As the center of artistic interest, Paris attracted many foreign painters
in the early 20th century, and within a few years of each other three
Jewish émigrés, Chaim Soutine,
Marc Chagall, and
had all arrived in the city. Though they became friends and gained
inspiration from the recent innovations in art, they were each highly
original artists and their paintings stand alone, defying categorization
The three painters that we look at here were all born outside France, and
they remained outsiders to the Parisian art scene for more than merely
cultural reasons (Soutine and Chagall were both Russian, and Modigliani
was Italian). These painters shared the isolation of being ``other'',
never truly belonging to any group or adhering to a single manifesto.
Chaim Soutine, a passionate Expressionist
Chaim Soutine (1894-1943) came to Paris in 1913. He was the only painter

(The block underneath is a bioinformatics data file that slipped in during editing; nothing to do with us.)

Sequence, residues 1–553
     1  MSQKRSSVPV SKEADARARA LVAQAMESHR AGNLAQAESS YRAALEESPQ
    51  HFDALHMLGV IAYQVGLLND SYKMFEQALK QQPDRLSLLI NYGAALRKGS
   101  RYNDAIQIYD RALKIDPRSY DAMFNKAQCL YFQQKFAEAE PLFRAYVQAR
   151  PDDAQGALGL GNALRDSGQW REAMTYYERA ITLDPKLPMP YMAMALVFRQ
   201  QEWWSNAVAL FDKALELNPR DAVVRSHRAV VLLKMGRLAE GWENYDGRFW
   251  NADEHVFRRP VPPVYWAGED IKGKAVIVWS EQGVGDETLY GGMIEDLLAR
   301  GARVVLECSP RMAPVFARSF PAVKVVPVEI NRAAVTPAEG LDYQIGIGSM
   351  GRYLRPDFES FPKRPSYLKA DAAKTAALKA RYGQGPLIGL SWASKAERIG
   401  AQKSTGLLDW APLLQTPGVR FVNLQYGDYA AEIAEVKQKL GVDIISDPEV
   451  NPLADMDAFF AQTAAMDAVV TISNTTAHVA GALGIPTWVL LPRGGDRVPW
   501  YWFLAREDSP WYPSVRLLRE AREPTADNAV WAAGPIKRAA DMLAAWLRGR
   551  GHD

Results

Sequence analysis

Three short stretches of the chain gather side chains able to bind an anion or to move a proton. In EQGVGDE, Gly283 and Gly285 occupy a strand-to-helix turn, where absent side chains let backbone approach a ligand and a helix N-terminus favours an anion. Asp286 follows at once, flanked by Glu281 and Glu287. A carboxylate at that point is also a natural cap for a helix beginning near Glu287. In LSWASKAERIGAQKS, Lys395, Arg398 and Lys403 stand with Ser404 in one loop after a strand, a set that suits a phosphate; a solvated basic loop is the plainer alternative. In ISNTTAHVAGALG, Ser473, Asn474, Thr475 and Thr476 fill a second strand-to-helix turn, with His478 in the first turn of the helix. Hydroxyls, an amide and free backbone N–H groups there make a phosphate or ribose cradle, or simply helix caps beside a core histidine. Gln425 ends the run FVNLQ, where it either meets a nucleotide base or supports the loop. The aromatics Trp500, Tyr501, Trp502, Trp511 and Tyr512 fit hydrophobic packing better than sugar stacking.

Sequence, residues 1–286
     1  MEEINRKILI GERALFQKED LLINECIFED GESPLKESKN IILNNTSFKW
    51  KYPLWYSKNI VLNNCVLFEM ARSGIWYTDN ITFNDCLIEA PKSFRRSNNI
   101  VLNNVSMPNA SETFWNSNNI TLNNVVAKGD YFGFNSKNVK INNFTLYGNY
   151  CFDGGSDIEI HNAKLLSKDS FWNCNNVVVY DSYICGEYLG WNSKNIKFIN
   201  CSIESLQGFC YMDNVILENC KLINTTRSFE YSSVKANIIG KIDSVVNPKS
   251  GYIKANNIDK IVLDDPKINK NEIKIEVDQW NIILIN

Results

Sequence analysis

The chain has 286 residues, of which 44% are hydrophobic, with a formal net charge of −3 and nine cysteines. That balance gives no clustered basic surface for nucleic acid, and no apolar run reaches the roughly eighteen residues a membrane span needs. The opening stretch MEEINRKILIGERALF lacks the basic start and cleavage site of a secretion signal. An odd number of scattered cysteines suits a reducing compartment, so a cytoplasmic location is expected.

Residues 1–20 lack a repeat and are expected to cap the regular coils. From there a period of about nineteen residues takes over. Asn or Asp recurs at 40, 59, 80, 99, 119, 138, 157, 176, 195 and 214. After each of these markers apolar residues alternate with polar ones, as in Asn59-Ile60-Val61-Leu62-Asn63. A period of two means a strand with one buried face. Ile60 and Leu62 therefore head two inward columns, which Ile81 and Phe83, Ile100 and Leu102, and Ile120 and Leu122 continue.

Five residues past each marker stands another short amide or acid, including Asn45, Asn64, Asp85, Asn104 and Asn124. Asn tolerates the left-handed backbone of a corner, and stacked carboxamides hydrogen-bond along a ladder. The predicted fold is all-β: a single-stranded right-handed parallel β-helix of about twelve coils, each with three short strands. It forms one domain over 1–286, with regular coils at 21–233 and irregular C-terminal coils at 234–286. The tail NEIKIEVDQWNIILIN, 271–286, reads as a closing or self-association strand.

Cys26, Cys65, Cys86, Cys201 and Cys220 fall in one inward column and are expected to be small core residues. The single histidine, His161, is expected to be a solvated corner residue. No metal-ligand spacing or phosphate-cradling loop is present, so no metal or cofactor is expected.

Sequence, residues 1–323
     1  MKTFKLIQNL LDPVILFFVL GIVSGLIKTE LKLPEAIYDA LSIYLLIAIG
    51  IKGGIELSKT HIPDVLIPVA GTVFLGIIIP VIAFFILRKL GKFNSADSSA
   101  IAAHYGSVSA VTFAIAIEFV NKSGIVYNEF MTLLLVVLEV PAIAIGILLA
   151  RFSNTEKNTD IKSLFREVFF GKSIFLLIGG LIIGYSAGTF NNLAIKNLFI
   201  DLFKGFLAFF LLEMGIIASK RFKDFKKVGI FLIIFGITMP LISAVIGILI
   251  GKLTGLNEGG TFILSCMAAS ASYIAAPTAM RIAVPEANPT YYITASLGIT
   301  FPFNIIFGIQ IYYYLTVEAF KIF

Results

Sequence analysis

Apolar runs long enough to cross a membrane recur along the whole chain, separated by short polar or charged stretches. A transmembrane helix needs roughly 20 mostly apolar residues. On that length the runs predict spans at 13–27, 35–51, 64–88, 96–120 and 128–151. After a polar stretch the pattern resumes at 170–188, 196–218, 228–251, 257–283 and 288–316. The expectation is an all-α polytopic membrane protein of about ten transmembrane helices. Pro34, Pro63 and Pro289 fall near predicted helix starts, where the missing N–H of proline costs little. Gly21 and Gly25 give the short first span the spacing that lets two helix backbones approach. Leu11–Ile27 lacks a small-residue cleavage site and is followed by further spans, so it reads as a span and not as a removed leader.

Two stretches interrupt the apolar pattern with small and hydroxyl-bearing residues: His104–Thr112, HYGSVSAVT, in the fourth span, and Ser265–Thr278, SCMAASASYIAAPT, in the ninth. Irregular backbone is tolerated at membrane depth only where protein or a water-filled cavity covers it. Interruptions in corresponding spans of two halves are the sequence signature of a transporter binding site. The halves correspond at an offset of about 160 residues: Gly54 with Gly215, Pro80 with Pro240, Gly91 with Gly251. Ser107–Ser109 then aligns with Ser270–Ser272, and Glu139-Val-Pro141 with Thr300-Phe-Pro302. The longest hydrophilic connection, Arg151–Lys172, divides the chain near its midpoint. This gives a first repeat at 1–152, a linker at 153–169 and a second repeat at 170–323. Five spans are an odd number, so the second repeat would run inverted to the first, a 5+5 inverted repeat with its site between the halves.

in the city who was in the least like Georges Rouault, and as a Parisian
Expressionist, he belonged to the ``School of Paris''.
Soutine's style of applying thickly encrusted paint was quite different
from Rouault's, but his wild, chaotic spirit, sorrowful and vehement,
is like that of the Frenchman. Just as Rouault, despite his Fauvist
connections, is seen as inherently Expressionist, so Soutine was a
natural, though singular, Expressionist.
Soutine's religion was the earth. He painted the sacredness of the country
with a passion that makes his art hard to read. Landscape at Ceret
(c. 1920-21; 56 x 84 cm (22 x 33 in)) is so dense that it could be abstract,
and it does take enormous liberties with the earthly facets, but when we
do ``read'' it, hill and tree and road take on a new significance for us.